When they were both PhD students at Harvard in the 1980’s, Prince Jayasinhji Jhala (Jayabapa) and Karim Ajania became friends. They also shared the common heritage of their families both having originated from the Indian state of Gujarat.
Today, Jayabapa, the Vice Chair of The Bored, and Karim, the Founder of The Bored, have embarked upon an inspiring endeavor in Halvad, Gujarat.
To read more about The Halvad Revitalization Initiative kindly click here.
Below, is an excerpt from the journal of Karim’s late father, Abdul Ajania, reflecting on his days as a schoolboy in Pune, India when he was a student boarder at Shivaji Military School, a school that Jayabapa coincidentally attended a couple of decades later. Another lovely coincidence is the fact that Jayabapa continued his schooling at The Doon School in Dehra Dun, India, which is a school that Karim taught at some three decades after Jayabapa attended Doon.
Also below, in an excerpt from The Telegraph five years ago, is the obituary of Jayabapa’s father, His Highness the Maharajah of Dhrangadhra-Halvad.
Excerpt from the journal of Abdul Ajania:
Abdul Gulamhussein Gulamali Ajania
(1926 – 2011)
The year was 1943, perhaps the most memorable year of my youth.
I was a 17 year old student who was soon to matriculate from the boarding school in Pune that I had been attending for five years, Shri Shivaji Preparatory Military School.
I was homesick. I missed my parents and my siblings back home in Mwanza, Tanzania. Although our family was originally from Khathiawar in Gujarat, my parents had emigrated from Gujarat to what was then known as British East Africa, and began a family in Mwanza. We eventually relocated to Nairobi, Kenya where Karim was born.
I was born in 1926 in Mwanza, in what was then known as British Tanganyika.
I grew up speaking Gujarati and Swahili but also heard German and English being spoken in Mwanza. Tanganyika had been a German protectorate from 1885 until a few years before I was born. When Germany was defeated in the First World War, Germany handed over Tanganyika to the British at the Treaty of Versailles and some years after that, Britain received a League of Nations mandate to administer Tanganyika.
My father, a hardworking shopkeeper or dukkawalla, had left school at the age of 10 to work in his own father’s shop. He was determined that his son should have a good education and so he scrimped and saved to send me to school in Pune. In those days, only a handful of wealthy families could send their sons to boarding school in England. The more affordable option, was to send off their sons to the English style boarding schools in British India, which is how I ended up at Shivaji Military School.
In 1943, Mahatma Gandhi and his wife Kasturba Gandhi had already been imprisoned under house arrest for a year at the Aga Khan Palace in Pune, which was a comfortable distance from Shivaji Military School. Since I had grown up within the Aga Khan community, I had the rare privilege of being allowed to attend several of Gandhiji’s evening prayer meetings at the Aga Khan Palace. Those profoundly spiritual gatherings within the context of a politically charged and often violent period in British Indian history, and within a global arena in the midst of the Second World War, were some of my most formative experiences.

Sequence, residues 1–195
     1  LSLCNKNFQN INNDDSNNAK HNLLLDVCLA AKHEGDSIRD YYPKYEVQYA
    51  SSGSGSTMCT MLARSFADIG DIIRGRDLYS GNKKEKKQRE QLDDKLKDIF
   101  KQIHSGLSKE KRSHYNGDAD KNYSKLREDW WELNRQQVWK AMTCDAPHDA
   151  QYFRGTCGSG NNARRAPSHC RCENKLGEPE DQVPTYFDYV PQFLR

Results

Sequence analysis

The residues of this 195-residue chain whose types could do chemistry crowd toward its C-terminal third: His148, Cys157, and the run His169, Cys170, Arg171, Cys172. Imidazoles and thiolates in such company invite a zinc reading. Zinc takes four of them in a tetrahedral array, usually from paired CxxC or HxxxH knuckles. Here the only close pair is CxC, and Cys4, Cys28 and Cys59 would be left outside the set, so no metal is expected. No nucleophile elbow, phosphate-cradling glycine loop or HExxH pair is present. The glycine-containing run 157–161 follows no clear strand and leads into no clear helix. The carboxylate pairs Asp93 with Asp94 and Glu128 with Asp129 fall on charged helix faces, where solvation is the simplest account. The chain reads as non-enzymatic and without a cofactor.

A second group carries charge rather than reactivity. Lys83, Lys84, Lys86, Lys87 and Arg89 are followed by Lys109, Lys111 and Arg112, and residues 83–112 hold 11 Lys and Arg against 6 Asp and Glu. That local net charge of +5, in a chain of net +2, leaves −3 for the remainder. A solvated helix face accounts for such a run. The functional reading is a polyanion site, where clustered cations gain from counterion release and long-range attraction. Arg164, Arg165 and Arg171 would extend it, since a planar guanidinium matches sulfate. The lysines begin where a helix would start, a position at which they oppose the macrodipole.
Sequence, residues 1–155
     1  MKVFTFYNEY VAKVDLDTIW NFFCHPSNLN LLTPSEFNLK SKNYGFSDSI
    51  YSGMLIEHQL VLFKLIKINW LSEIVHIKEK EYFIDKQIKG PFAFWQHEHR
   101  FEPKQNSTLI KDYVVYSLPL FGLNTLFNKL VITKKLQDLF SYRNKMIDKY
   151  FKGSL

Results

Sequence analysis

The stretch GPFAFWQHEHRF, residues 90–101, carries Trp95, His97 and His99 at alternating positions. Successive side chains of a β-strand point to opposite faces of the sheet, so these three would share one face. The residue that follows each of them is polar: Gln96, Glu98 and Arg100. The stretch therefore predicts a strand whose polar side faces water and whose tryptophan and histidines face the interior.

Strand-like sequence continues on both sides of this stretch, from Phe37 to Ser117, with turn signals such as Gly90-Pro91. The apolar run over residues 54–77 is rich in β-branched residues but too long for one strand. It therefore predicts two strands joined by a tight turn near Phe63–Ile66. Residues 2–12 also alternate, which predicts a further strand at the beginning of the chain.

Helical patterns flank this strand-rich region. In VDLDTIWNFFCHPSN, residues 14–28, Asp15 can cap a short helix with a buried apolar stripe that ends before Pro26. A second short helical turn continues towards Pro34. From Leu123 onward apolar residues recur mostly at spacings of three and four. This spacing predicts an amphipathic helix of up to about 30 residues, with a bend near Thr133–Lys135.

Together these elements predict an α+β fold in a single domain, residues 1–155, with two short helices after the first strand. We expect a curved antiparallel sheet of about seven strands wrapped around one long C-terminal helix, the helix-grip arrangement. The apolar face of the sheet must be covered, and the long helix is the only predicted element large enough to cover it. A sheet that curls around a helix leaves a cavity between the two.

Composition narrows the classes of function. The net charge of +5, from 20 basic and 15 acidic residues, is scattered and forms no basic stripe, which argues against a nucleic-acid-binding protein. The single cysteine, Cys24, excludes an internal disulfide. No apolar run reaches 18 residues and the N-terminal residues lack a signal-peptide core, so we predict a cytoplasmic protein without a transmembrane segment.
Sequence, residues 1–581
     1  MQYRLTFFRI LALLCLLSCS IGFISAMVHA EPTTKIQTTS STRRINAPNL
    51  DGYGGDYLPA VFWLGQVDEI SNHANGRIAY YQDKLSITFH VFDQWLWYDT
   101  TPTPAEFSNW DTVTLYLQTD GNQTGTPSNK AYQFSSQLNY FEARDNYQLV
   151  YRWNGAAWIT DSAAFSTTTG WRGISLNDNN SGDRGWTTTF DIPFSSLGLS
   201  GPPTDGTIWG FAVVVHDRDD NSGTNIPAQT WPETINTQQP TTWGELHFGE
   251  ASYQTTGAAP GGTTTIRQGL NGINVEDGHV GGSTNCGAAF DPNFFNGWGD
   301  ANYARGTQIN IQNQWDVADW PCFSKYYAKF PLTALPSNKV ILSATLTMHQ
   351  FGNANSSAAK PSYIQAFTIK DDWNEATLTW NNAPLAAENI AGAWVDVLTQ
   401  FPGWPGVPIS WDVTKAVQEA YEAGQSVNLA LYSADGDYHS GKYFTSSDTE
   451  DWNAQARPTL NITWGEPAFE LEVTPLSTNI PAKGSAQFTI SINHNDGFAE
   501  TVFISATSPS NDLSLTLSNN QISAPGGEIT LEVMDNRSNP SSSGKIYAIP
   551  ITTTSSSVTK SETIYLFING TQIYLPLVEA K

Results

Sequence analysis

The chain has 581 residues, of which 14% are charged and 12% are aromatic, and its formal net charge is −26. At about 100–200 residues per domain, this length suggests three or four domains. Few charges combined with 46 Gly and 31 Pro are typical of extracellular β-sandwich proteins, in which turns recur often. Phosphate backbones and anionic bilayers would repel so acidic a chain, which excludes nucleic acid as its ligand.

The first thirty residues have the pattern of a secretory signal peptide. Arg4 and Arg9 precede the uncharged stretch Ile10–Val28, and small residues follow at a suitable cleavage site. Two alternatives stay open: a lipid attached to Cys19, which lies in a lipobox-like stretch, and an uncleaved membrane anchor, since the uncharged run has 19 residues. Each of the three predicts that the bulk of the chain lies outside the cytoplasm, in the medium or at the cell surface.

I cannot express in words what a profound privilege it was to be in the maganinmous presence of Gandhiji and Kasturba as a 17 year old schoolboy.
Excerpt from The Telegraph on September 2, 2010:
The Maharaja of Dhrangadhra-Halvad
His Highness the Maharaja of Dhrangadhra-Halvad, who died on August 1  aged 87, was the last of the Indian princes who ruled their own states before India became independent in 1947.
The Maharaja of Dhrangadhra–Halvad
(1923 – 2010)
On acceding to the gadi (throne) on his father’s death in 1942, he launched an economy programme, ordered the State Council to meet once a week and enacted a series of modernising laws. These affirmed his subjects’ fundamental rights, ending the segregation of the “untouchable” castes, and permitting women to hold property and to remarry. Compulsory free primary schooling was introduced as well as village and municipal self-government.
As Independence became inevitable, Dhrangadhra threw himself into the task of creating what he saw as the “free” India. Recognising that the amalgamation of his state with the larger Saurashtra was in the greater interest, he was among the first princes to sign Mountbatten’s Instrument of Accession, thereby losing his ruling powers.
Born Mayurdwajsinhji on March 3 1923, his birth was celebrated with the beating of war drums and the release of all Dhrangadhra-Halvad’s prisoners. Although small in comparison with its neighbours, the state comprised 1,157 square miles with a population of about 250,000, and rated a 13-gun-salute.
They were educated at the palace’s royal school, where he learned to recite Kipling’s poem If, and started his day either riding or doing drill at 6.30am. Scouting, carpentry, ploughing with bullocks and tinkering with cars as well as academic work followed.
The Maharaja of Dhrangadhra was appointed Knight Commander of the Order of the Indian Empire in 1948, and was the last surviving KCIE. He was president of Rajkumar College in Rajkot; and a life member of the Commonwealth Parliamentary Association; of the World Wildlife Fund; the International Phonetic Association; and the Heraldry Society. He was also a member of the Cricket Club of India, the Fencing Association of Great Britain and the Bombay Masonic Lodge.
He married, in 1943, Brijraj Kumari Sahiba (daughter of the Maharaja of Jodphur).
Prince Jayasinhji Jhala locally known as JayaBapa, is his second son.
To read this full article in The Telegraph on September 2, 2010 click here.